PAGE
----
Fit to Surf

The Surfer's Guide to Strength and Conditioning by Rocky Snyder

Rocky Snyder FIt to SurfCopyright© 2003 by Rocky Snyder.  All rights reserved.
You must cite the author and source of this content if you wish to use or reprint it in any form.

Endurance Training

A surfer requires not only flexibility and strength for heavy paddling, but also muscular endurance to maintain stamina for an entire surf session.  In creating an effective endurance program of cardiovascular activities, four elements are critical.

Increasing or upgrading any one of these elements will increase the demands placed on your body as it works to develop the cardiovascular fitness essential to endurance. These elements are:

  • Frequency:  The number of times the endurance exercise is performed in a particular period of time.
  • Duration:  The length of time it takes to perform the exercise.
  • Intensity:  The effort level reached during the exercise.
  • Type:  The choice of exercise performed in a workout.

The following are cardiovascular exercises that are either specific to surfing or can serve as cross-training activities (such as stair climbing or running).  The detailed programs to chapter 9 include these exercises and offer recommendations on duration and intensity of the workouts.

It's helpful at this point to understand the overload principle – the general idea that by overloading or exhausting muscles in a careful, systematic manner, physiological changes will occur that make the muscles stronger and more durable.  A man who performs as many push-ups as he possibly can each day will eventually grow stronger, because he has regularly taxed his muscles to a point of fatigue.  This principle will come into play as you develop a program of increasingly rigorous endurance activities.


It may sound obvious, but to become a stronger paddling machine, a surfer needs to paddle.  A simple way to vary the intensity of your paddling workouts is to use boards of different lengths.  A short surfboard is less buoyant than a longer surfboard, creating more drag as you move through the water and requiring more effort to paddle.  For training, you can start with a longer board and progress to shorter boards to increase the intensity of the workouts.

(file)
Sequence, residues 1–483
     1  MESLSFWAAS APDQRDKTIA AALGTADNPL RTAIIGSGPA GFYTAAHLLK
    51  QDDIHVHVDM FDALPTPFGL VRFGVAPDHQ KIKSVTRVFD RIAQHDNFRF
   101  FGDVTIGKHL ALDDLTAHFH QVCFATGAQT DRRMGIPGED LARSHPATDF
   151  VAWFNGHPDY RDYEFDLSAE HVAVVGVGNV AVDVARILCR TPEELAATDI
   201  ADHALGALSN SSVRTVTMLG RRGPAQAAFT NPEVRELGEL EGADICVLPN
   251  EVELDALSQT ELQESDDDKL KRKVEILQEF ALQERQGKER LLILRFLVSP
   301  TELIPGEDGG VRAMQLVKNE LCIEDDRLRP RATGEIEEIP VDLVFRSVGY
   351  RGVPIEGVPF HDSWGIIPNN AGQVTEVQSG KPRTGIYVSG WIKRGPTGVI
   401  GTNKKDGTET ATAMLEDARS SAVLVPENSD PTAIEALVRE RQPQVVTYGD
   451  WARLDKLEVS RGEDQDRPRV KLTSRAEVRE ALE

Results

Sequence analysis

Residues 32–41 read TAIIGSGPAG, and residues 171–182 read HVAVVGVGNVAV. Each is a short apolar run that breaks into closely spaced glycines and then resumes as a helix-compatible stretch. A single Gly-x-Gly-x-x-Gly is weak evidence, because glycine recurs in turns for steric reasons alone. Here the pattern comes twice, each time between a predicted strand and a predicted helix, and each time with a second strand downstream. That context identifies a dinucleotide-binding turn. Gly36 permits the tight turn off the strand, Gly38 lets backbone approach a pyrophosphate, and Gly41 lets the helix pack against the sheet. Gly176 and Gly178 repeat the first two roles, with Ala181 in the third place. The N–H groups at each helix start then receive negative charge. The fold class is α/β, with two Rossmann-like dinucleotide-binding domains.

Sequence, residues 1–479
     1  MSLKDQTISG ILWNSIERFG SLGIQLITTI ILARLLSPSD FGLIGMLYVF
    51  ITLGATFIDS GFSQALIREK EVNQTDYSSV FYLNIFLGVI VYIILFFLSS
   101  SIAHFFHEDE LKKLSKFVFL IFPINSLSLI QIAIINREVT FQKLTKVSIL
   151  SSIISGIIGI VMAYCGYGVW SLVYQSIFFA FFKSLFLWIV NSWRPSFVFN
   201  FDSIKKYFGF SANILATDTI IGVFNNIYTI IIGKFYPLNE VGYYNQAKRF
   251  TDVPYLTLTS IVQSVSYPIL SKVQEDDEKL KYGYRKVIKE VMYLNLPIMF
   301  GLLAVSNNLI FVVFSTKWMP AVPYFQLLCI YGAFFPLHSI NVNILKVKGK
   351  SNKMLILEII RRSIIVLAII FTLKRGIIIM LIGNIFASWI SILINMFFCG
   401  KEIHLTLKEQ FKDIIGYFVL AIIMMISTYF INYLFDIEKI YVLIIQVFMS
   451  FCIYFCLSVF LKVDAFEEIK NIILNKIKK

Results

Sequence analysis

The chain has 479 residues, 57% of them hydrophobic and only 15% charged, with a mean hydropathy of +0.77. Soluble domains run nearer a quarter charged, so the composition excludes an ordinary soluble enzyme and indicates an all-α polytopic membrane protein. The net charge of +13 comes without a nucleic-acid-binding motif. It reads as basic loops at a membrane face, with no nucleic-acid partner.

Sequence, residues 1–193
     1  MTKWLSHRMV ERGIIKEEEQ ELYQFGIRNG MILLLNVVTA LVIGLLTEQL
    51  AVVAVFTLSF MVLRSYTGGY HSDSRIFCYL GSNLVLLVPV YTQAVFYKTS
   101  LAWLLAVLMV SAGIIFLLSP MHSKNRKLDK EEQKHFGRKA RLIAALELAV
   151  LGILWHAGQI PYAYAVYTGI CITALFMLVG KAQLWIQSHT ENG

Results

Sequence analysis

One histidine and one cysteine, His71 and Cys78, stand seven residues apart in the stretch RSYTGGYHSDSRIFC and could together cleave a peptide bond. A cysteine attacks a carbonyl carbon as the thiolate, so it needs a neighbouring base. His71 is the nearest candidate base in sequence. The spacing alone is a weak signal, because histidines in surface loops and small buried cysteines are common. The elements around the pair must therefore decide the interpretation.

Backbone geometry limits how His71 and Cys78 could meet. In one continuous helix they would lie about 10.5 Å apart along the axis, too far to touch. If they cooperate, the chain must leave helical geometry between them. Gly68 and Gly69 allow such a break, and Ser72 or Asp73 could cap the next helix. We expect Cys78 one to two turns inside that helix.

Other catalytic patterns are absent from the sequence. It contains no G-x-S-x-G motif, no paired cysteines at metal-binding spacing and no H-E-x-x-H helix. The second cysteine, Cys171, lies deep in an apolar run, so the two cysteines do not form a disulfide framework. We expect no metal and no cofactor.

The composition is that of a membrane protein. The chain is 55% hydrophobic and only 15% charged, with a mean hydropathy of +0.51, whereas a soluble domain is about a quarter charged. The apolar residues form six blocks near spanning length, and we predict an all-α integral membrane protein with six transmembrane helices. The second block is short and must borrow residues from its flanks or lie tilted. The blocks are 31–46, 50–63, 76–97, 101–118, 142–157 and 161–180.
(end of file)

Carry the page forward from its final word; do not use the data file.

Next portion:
Resistance Paddling

Get a plastic bucket with a sturdy handle, or use a large coffee can.  Drill holes in the container until it looks like Swiss cheese.  Simply tie the container to your ankle leash. The bucket adds tremendous resistance as you paddle your board.  The fewer holes you drill, the more resistance you'll feel as you work to paddle against the dead weight of the water-filled bucket.

Partner Towing

With a surfing friend, take turns towing each other on the surfboard by holding onto the other person's ankle leash.  You can count the number of strokes and then switch leads when you reach a particular number.  You might also choose to change positions after an interval time of 1 to 5 minutes or a distance of 50 to 150 yards.
When the weather turns nasty but you still want a paddle workout, you can make use of a rubber resistance band (preferably one with handles).  They're available at sporting goods stores. Secure the middle of the band to an immovable object (such as a table leg) a few feet off the ground.  Hold on to both ends of the resistance band, kneel or lie face down on a flat padded bench, and mimic the motions off surfboard paddling.  The farther the bench is placed away from the band's point of attachment, the more resistance you'll be working against.  Check for wear in the band and replace it if  you find  any tear or abrasion; you don't want it to break, snapping back at you.


Swimming is a great cross-training exercise for surfers – and if your leash snaps or you're not wearing one, swimming can become very important!  It may be a good idea to take a few lessons at your local swim center if you are unfamiliar with proper form.

Underwater Swimming

Surfers should be able to hold their breath underwater for prolonged periods of time, especially when surfing bigger waves.  It is important to train the lungs and the mind to be able to stay underwater, without panicking, while swimming back to the surface. Wear a watch to keep track or your times when swimming underwater.  Start with intervals of 15 to 30 seconds and slowly add more time with each workout.  For safety, make these sessions close to shore or in a pool.

Other Methods of Endurance Training

Stair Climinbing

Cross-training with stair-climbing machines at health clubs can provide a good workout.  But if there is  a long flight of  stairs in your neighborhood – preferably of wood rather than unforgiving concrete — try going up and down these for an endurance workout. When climbing stairs, maintain the same form as in running or walking:  stand tall.  Walk slowly on the  way down to allow  your  body and heart rate to recover.

Walking and Running

Whether you walk or run doesn't really matter: you'll reach the same destination eventually.  It jus might take more time if you walk.  They are both good choices as part of an endurance training routine. Whichever you choose, stand as tall as possible.  Keep your head over you shoulders; chest up, and hips tucked under.  Let the arms swing freely forward and backward, and keep your fee pointing straight ahead.

ROwing Machine

Indoor rowing machines such as those used at commercial gyms provide a great full-body workout and a terrific cross-training exercise.  Be sure to maintain god seated posture at all times.  Use the legs as much as possible, because they have the body's biggest muscles.  Exhale when pulling the handle inward.
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